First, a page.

134 votes in florida not counted
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Posted on Wed, Jan. 07, 2004
Votes from 134 residents were not counted
By ERIKA BOLSTAD
Ballots cast by 134 voters in a special election Tuesday weren't counted, apparently because people failed to use touch-screen machines properly.
It's the electronic equivalent of a voter failing to punch a stylus all the way through on a paper ballot, leaving a hanging chad.
Only with electronic voting, there's no way to review the ballot and determine how a person wanted to vote. The vote is not counted, and in this case, the vote of 134 people who left polling places without hitting the ''vote'' button on the machines was not counted.
The Broward Supervisor of Elections office wasn't able for comment Wednesday, when candidates in the race and the county mayor brought the so-called ''undervotes'' to the attention of the public.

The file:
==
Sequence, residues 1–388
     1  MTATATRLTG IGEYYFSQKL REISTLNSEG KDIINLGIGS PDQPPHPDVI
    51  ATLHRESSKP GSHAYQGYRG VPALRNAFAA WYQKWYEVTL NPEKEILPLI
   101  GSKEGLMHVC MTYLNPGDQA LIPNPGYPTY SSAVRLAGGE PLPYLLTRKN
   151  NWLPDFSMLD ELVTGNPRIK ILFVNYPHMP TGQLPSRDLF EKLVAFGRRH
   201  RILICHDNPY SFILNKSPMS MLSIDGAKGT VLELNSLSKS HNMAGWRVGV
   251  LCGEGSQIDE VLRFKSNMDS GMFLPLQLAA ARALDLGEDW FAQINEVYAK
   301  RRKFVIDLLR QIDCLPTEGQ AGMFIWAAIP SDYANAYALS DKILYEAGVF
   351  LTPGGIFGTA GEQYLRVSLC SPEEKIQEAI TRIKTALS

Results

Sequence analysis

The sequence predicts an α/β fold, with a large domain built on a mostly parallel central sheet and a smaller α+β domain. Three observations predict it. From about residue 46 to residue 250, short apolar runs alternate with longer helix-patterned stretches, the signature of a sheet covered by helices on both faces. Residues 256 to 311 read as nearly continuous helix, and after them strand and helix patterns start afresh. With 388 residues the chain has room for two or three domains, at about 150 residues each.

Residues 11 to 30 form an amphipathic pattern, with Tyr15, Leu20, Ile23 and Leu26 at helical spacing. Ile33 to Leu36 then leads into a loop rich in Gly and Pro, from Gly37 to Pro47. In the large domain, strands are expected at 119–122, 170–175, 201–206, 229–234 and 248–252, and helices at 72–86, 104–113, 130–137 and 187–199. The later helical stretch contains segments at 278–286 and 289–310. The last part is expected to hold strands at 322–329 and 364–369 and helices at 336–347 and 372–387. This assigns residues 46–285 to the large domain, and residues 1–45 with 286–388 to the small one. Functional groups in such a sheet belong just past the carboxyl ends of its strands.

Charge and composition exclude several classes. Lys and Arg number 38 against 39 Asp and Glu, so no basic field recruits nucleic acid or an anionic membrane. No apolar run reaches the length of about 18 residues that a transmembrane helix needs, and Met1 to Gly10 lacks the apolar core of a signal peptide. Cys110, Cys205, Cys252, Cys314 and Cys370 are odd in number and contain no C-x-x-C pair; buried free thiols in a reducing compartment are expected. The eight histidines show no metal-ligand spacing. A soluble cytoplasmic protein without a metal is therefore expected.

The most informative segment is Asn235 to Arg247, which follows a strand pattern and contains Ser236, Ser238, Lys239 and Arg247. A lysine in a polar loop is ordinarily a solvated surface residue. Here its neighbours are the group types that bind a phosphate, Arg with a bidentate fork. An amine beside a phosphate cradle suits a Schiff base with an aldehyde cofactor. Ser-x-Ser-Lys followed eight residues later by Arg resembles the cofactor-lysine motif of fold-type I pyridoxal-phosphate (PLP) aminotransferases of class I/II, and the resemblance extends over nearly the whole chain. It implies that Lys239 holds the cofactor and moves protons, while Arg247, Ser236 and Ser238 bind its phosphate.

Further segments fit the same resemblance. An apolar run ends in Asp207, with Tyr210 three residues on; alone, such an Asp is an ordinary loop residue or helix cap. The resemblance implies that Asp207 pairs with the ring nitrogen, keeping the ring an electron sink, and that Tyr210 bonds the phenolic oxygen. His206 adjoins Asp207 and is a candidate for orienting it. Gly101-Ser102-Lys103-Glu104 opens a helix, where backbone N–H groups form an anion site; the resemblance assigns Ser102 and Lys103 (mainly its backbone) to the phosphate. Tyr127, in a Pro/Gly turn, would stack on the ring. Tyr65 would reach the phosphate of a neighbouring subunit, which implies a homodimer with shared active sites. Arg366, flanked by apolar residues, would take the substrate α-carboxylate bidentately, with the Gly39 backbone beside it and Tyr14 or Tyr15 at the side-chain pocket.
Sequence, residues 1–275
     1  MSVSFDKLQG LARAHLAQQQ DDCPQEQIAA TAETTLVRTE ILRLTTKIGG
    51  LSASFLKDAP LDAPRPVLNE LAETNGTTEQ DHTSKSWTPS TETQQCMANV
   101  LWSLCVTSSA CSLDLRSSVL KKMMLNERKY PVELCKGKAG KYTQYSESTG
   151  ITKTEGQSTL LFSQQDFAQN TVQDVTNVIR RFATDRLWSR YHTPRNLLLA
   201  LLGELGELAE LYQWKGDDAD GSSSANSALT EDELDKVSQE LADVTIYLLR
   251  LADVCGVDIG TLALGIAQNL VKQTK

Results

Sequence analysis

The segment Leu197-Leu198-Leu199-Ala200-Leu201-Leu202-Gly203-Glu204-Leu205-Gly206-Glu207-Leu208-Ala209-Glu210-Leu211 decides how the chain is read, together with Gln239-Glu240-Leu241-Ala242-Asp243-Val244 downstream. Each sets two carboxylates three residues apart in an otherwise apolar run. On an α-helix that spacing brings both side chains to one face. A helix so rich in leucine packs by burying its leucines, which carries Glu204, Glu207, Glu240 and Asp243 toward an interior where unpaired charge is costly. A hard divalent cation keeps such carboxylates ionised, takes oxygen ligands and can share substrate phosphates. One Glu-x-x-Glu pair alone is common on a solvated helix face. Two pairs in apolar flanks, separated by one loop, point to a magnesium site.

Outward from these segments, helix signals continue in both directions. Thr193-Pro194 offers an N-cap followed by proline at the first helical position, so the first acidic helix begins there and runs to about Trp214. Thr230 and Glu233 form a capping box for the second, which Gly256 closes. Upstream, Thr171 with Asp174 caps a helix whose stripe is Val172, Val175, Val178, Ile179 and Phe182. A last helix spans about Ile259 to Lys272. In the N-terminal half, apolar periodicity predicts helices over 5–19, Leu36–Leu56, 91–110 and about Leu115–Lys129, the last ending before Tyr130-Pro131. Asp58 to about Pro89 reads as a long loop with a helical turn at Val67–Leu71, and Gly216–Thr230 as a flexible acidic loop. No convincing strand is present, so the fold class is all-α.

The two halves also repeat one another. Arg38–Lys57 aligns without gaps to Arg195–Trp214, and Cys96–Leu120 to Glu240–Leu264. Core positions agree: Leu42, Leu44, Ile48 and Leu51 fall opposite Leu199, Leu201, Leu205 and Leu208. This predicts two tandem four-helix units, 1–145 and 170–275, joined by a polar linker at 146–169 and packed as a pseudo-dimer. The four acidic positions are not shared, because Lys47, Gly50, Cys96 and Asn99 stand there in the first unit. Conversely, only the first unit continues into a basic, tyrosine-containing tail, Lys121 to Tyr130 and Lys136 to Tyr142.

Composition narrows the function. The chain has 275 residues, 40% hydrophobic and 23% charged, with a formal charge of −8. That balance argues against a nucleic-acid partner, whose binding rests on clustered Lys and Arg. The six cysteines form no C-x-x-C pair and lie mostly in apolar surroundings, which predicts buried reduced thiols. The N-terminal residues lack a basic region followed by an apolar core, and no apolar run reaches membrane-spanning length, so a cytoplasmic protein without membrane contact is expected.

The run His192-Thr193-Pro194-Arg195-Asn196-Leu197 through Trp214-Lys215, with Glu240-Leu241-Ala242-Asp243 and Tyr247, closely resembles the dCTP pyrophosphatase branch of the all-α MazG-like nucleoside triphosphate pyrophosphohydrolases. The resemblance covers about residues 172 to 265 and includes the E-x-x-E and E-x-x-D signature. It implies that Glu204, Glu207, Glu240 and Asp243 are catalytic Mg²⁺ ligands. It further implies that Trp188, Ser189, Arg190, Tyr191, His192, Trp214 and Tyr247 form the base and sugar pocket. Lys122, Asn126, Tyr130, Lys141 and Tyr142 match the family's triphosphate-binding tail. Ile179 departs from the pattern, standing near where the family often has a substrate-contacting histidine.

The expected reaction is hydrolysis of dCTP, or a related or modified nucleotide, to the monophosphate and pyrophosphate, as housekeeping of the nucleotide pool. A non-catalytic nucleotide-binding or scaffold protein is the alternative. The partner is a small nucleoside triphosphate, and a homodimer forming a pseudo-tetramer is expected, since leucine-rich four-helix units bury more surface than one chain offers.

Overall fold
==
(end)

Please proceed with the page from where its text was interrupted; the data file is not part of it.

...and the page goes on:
Although the number of people who didn't finish casting their ballots is a relatively small percentage, said Broward County Mayor Ilene Lieberman, it seems unlikely that anyone would come out for such a small election with no intention of voting.
Seven candidates were on the ballot in the special election for the District 91 state House Seat left vacant by Connie Mack. Ellyn Bogdanoff won the race by 12 votes, making the 134 votes even more meaningful.
''It's incomprehensible that 134 people went to the polls and didn't cast votes,'' said Lieberman, who served on the canvassing board that oversaw Tuesday night's count.
But the winning candidate, Ellyn Bogdanoff, said she attributes at least some of the undervote to Democrats who reached the polls and realized all the candidates were Republicans.
Oliver Parker, the Lauderdale-by-the-Sea mayor who lost the race, wouldn't comment Wednesday. A spokesman for his campaign said that Parker is weighing his options for tomorrow's recount -- mandated by state law because the race was so close.
But it does seem strange that so many people would go to the polls for a small, special election and then not vote, said Chas Brady, a spokesman for Parker. Especially in an election where only one race was on the ballot, Brady said.
''It's not as though they're on page 5 and are tied of voting,'' he said.